Signed in Moscow on 20 December 1984
1. Plasma modification for any of the nine furnaces.
6.6 Two sets of carbon internal heating elements for isopress. 86,200 pounds
2.7 Equipment and technical documents to produce Calcarb. 102,000pounds
We would have required a license to give them the formal technology for this process. They had already observed the process in Scotland and probably could do it better. We could avoid giving them formal technology.
6.6 Two sets nickel alloy heating elements for isopress. 86,200 pounds
Amount of contract remained unchanged.
The amount of argon use per cycle was changed from one to three standard bottles for an isopress cycle.
Temperature required reduced from 1000 degrees to 900 degrees in the isopress. Heating time remained at one hour.
Heating time to 900 degrees set at one hour for the isopress.
Cooling time from 900 to 300 degrees increased from on to six hours.
All these changes were realistic for the equipment we were completing in Scotland. The single bottom element for the isopress would have made it useless for the purpose intended but I did not understand this until I read the FMI trial transcripts in 1996.
"The sellers undertake to pursue further development on a satisfactory method to allow recycling of the argon gas external to the sealed container and the body of the isopress. The argon gas being filtered and provided with a complete set of pressure relief valves and interlocks to insure the safe operation of the system."
If a fully sealed container was used and piped so the bad gases from pitch were vented to the outside through a proper relief valve and a slight positive pressure was maintained on the outside my battle was won. There would be no contamination of the argon and the small liquidfier already delivered would do the job. I learned that FMI was doing this as a routine for many years when I read the transcripts in 1996.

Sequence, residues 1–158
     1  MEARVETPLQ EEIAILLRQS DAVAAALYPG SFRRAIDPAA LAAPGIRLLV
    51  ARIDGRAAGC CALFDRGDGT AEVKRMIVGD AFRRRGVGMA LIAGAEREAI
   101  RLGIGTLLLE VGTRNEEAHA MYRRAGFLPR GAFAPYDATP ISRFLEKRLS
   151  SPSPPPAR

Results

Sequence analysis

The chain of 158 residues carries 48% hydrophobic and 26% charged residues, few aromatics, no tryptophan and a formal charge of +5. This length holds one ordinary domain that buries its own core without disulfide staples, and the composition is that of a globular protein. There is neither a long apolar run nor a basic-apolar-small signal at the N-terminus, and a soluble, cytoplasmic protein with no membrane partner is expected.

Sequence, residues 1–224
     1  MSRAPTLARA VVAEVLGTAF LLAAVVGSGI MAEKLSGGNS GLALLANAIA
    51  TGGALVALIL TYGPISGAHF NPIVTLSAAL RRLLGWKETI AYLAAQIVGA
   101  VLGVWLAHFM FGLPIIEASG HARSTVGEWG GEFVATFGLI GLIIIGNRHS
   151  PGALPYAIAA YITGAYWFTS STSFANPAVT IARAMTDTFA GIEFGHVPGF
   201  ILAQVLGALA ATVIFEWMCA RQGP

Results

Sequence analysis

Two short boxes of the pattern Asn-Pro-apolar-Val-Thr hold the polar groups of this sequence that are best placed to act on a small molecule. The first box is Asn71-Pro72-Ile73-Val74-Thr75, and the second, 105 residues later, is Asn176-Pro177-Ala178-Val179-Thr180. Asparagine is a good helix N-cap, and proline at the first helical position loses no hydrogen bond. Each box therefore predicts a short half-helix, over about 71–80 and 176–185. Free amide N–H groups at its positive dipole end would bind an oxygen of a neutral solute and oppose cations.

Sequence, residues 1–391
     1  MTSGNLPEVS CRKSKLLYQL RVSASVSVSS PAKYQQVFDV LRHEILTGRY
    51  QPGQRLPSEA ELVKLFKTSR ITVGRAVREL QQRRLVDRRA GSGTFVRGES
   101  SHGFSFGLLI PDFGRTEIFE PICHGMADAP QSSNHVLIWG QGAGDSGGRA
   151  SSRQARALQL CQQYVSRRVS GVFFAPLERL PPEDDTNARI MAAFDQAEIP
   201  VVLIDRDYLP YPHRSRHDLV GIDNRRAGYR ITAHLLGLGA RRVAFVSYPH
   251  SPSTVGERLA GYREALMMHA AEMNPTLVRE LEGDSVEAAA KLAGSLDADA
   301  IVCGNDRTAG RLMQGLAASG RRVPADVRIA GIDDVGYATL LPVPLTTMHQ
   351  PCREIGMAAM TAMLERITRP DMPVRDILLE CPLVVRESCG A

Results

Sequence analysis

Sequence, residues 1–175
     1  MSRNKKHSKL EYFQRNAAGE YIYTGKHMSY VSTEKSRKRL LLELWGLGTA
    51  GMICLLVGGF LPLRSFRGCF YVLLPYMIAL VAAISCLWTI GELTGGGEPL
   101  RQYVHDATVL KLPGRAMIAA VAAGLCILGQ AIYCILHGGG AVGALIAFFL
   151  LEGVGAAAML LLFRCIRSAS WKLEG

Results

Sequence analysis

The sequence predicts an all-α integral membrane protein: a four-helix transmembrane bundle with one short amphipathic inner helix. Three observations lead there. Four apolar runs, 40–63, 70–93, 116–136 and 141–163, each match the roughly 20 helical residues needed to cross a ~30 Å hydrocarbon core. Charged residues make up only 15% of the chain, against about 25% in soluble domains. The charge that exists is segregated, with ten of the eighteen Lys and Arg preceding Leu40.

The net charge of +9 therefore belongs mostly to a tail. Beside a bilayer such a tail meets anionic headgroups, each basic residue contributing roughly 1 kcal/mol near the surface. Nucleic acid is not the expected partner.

"The sellers, to obtain this information, will carry out the necessary tests in its isostatic press (which is identical in design and construction to those supplied to the buyers) at Bellshill, Scotland."
This was possible but we were not ready to carry out these tests and the costs would have been extremly high. I suppose we could have done these tests without the Russians observing and reported the results without providing them with autocalve technology. My plan at that moment was to apply for a license in Washington before proceeding.
"Should these tests identify that additional components are required to insure satisfactory operation of the installation at the buyers works, then the sellers hereby agree to supply such equipment at no additional costs to the buyers. The sellers, however, reserve the right to exchange any previously supplied components in the gas system which are subsequently, found as a result of later developments, to be no longer required to complete the successful installation. It is understood that all shipping costs for any returned components are to the account of the sellers."
To cover the advance of 1,200,000 pounds they were paying at the time:
"In the case of unsatisfactory results of the above tests the sellers will return to the buyers the sum of 1,200,000 pounds at the first written demand of the buyers. In this case the buyers have the right to stop any further payments in favor of the sellers."
New rules and the new political climate assured me that sooner or later the job would be embargoed. The technology and testing required by the pending amendment would put us in conflict with American technical data regulations, and I felt the US government would say no when asked.